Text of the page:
Another approach that companies take is to educate their staff on how to think about AI. Online courses such as “AI for Everyone” are designed specifically so that the staff members of any organization can identify and communicate the potential applications of AI in their realm of the business.

3. Avoid Data Scientist Silos

While every AI project needs a project manager or champion, it’s important to ensure integration with the rest of the enterprise. When data scientists are siloed into a separate team, they encounter difficulty in implementing the projects – usually because they are either misaligned with company strategy, or they are unable to get the support of the business and IT teams. Data scientists should be embedded into the teams they are serving. This allows the data scientists to understand the full context of the work, iterate together with the team, and produce software that aligns with the outcomes the business teams want.

AI takes time to evolve and requires constant creative and material investment. Working within a business team allows collaboration and multiple perspectives throughout the iterations of the technology. Combining technological resources with the creative people within the business provides the best outcomes.

4. Multi-Level Strategy

Deciding whether to hire in-house or outsourced AI consultants depends on the size of the company and how they approach different problems. Generally, a multi-level strategy works best for enterprises. The project champion needs to be an in-house employee, but a combination of outsourced consultants and internal AI professionals often provides the best combination of expert advice with dedicated employees. Partnering with an AI company opens up a wider range of options than most internal teams can provide in terms of range of solutions, industry benchmarking, and the variety of AI technologies.

5. Next Steps and Cultural Transitions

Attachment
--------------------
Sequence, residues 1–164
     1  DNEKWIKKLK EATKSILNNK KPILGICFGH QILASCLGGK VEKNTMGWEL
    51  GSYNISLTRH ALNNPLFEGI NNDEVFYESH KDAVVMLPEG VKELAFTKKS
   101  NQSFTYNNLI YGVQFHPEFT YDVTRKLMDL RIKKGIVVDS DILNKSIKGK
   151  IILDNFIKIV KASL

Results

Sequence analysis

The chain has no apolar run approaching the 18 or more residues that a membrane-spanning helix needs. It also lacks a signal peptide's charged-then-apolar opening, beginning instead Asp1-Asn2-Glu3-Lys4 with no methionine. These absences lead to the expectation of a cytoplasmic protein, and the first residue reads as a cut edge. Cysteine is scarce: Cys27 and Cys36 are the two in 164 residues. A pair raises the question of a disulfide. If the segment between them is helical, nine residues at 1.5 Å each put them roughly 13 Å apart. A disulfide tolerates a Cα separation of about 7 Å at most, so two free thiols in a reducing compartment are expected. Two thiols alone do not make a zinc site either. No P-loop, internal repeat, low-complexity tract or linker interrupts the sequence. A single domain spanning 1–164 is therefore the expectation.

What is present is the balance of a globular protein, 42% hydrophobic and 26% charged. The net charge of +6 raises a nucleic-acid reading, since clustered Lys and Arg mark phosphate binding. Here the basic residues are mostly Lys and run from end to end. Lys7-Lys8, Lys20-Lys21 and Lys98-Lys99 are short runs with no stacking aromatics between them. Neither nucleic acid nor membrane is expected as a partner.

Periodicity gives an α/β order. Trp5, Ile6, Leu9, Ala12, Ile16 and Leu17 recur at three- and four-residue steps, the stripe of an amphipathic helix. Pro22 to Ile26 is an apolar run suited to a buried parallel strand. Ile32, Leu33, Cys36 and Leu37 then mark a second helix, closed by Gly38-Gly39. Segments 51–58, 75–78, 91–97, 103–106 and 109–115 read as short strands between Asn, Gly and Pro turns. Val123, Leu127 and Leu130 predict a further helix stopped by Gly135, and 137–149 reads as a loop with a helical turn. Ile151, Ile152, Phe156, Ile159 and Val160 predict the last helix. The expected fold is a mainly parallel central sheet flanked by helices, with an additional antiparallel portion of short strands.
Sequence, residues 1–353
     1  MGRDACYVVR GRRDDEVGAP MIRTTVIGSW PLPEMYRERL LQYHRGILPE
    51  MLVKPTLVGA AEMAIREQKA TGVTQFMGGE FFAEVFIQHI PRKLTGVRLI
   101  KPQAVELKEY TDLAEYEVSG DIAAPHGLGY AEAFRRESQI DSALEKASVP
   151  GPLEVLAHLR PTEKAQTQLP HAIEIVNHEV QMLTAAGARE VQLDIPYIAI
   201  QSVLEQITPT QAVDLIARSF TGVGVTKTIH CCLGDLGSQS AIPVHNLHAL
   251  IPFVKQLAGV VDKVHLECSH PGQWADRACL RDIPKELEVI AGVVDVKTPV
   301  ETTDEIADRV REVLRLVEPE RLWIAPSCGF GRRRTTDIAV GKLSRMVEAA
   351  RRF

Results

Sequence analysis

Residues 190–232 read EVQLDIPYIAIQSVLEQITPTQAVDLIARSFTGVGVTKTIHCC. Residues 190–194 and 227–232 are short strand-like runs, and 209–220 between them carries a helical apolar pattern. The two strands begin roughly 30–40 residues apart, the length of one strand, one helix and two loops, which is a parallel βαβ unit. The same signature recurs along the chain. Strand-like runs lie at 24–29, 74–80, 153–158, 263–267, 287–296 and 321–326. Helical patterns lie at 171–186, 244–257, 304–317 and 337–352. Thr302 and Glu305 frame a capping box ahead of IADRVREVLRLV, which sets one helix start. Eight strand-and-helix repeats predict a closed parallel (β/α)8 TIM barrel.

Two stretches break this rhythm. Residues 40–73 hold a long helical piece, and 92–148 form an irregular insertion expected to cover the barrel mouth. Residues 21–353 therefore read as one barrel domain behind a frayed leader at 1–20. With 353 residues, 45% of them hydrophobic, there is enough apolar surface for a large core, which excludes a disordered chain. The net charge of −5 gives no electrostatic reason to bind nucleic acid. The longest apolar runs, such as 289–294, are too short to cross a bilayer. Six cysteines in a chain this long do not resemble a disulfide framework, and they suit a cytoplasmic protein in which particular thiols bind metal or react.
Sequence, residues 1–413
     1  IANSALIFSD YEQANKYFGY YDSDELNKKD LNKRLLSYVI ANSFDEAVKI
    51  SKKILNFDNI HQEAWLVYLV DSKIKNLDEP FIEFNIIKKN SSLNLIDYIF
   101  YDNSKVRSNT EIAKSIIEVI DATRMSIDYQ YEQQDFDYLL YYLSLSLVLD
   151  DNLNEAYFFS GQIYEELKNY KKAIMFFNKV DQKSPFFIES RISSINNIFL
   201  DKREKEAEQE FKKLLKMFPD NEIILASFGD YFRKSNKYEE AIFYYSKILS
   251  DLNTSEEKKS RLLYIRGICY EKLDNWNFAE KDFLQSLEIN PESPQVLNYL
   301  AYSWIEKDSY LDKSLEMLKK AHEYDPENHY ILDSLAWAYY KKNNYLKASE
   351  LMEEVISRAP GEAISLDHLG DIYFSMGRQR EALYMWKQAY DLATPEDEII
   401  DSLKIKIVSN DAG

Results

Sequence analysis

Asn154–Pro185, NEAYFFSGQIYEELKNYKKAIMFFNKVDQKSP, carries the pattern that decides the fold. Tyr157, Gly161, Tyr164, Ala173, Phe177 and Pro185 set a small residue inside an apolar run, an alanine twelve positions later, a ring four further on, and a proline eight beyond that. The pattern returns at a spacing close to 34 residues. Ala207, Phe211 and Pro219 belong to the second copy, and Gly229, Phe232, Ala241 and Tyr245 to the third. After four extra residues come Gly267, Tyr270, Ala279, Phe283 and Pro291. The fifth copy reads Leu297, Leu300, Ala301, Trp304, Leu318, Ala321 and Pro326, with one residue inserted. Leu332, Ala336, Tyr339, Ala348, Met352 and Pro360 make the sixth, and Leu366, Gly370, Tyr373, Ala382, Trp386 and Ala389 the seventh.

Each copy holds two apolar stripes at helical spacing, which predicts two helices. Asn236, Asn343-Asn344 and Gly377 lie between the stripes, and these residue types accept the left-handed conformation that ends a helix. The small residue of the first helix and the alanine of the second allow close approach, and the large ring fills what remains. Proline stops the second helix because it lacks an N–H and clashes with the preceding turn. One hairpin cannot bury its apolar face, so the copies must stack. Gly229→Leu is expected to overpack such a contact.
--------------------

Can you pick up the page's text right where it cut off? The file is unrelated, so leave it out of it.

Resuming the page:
Implementing AI solutions often requires a rethinking of internal processes. For example, a company may use AI to identify customers who are at risk of switching to another vendor. This introduces a new procedure in the company – handling these customers. The company will need to figure out who gets the information as well as how to communicate with these at-risk customers. Similarly, if it turns out that a large number of at-risk customers belong to a particular account manager, there may be a problem with that specific employee, and the company will need a process for either retraining the employee or transitioning the customers to a new associate. Similarly, in working with a customer service application, AI can determine which client queries can be answered with automated messages, and which ones need to go to human service representatives, but that means the organization needs to prepare the infrastructure for the automated responses, as well as have more highly trained staff to answer complex questions.

In other words, AI can indicate areas where action is necessary, but the results will only occur if the company implements new procedures for taking those actions.

AI can have a profound positive impact on enterprises, but it’s important to take into account the cultural and process changes along with the technical implementation. The key to adoption is to adopt a phased approach, implementing projects within individual departments and getting a feel for both the scope of the benefits and the scope of change the company can handle. After successful smaller-scale implementations, enterprises can scale up their AI efforts to organization-wide implementations.